History of Puppetry

Puppetry is one of the most imaginative ways of telling a story in the society. Several regions in India make puppetry one of the richest heritages of our country. The origin of puppetry in India cannot be dated, but mythology provides at least two stories that are witness to the importance of this art.

According to one legend, the creator Brahma gave life to the adi, the first nat puppeteer, and created the first puppet for the entertainment of his wife Saraswati. Not satisfied with his work, Brahma banished the puppeteer to earth, starting the line of nat bhatt puppeteers.

An alternative legend has as protagonist the god Shiva, patron of puppetry, and his wife Parvati. An artisan manufactured two wooden dolls that captured the attention of Parvati—the goddess and his divine companion entered the dolls and started an exquisite dance; and when they got sick of this play they abandoned the dolls and the artisan was very sad at his dolls being lifeless again. With the help and blessings of the gods, the artisan then invented a system of strings to move the dolls, and so puppetry was born

Both of the above legends conclusively show the importance which was attached to puppetry in India since times immemorial.

Nowadays, traditional puppetry is regarded as a folk art typical of the rural environment—in the past it was taken into high consideration in the urban elite and among the nobles. Further evidence of the link of puppetry with the highest social groups is in the attestation of the word gombe, meaning puppet, used as a surname for Brahmin families in the southern regions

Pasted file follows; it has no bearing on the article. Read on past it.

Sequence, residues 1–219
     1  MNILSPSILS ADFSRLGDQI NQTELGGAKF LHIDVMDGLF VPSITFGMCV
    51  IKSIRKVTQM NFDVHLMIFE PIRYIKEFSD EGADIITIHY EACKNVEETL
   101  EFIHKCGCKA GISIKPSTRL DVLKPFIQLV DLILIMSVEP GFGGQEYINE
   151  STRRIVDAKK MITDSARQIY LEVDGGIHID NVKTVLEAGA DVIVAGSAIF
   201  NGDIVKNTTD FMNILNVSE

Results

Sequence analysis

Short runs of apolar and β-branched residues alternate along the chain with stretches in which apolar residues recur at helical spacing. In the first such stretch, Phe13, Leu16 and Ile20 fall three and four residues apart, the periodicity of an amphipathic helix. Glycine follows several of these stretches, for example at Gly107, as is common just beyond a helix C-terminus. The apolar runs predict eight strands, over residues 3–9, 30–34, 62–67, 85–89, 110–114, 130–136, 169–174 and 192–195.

Puppetry- its definition and origin in India

A puppetry is a form of narrative art that uses a doll or a figure that represents a person, animal, object or an idea and is used to tell a story.

Several literary sources report the existence of puppetry in ancient times. Puppetry is mentioned in the Mahabharata (dated from the 9th century BCE, it reached the written form in the 4th century BCE), in Panini’s grammar (4th century BCE), and in Patanjali’s texts (2nd century BCE). Tamil texts from the 2nd century BCE (Silappadikaaram) onwards mention dolls moved by strings

According to a scholar, puppetry outdates theatrical plays as the word Sutradhara, that indicates the director and main storyteller in Sanskrit plays, literally means the ‘string holder’

Srimad Bhagavata, the great epic depicting the story of Lord Krishna in his childhood say that with three strings-Satta, Raja and Tama, the God manipulates each object in the universe as a marionette.

History of Puppetry

Figure: Human being depicted as being controlled through strings by divine forces

Some of the salient features associated with this art form are:

  • Themes: Like traditional theatre, themes for puppet theatre are mostly based on epics and legends.
  • Regional variations: Puppets from different parts of the country have their own identity. Regional styles of painting and sculpture are reflected in them.
  • Music and song: Puppet shows are accompanied by loud music and song to create interests for both young and old alike. Music has a special role in puppet shows
  • Language: Puppetry presents several regional forms in local languages, but some peculiar elements highlight the connection to classic Sanskrit drama.
  • A minimum of four persons are required to stage a puppet play namely: Sutradhara, two singers and the drummer.
  • Part of ritual celebrations: Puppet shows are traditionally linked to a ritual context—performances were usually held during festivals or celebrations such as marriages or other family and community occasions.

Over the centuries puppetry fulfilled at least two functions—education and entertainment. Alongside religious education, in the last decades, government initiatives have also been propagated by puppetry, such as hygiene and family planning campaigns.